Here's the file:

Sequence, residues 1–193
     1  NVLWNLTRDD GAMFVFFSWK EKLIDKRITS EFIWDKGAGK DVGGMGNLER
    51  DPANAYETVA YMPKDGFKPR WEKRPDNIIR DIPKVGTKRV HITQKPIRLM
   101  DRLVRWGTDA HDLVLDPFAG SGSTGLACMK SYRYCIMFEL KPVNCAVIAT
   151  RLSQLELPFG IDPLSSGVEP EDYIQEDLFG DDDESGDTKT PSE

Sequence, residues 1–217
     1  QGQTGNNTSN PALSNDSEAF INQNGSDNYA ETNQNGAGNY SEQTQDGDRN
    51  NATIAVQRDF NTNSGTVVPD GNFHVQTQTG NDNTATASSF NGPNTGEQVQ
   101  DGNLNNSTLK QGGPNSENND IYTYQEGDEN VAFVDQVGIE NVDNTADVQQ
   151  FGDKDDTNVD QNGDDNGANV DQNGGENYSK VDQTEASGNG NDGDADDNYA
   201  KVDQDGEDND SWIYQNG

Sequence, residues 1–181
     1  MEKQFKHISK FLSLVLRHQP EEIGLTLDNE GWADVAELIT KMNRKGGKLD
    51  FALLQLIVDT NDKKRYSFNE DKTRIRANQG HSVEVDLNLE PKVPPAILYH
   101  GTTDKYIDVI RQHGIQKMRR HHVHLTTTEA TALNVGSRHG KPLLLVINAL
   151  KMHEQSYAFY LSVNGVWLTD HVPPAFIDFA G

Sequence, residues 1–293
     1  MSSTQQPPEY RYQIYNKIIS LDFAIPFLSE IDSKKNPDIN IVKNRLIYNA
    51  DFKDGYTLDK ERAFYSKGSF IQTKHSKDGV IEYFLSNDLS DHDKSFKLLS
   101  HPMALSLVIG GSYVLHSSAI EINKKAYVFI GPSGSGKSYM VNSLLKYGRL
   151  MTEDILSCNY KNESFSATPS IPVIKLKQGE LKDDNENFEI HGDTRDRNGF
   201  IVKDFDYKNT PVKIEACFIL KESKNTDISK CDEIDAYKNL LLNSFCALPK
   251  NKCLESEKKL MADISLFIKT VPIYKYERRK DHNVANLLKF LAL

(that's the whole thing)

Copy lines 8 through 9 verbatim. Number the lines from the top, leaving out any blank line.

    51  NATIAVQRDF NTNSGTVVPD GNFHVQTQTG NDNTATASSF NGPNTGEQVQ
   101  DGNLNNSTLK QGGPNSENND IYTYQEGDEN VAFVDQVGIE NVDNTADVQQ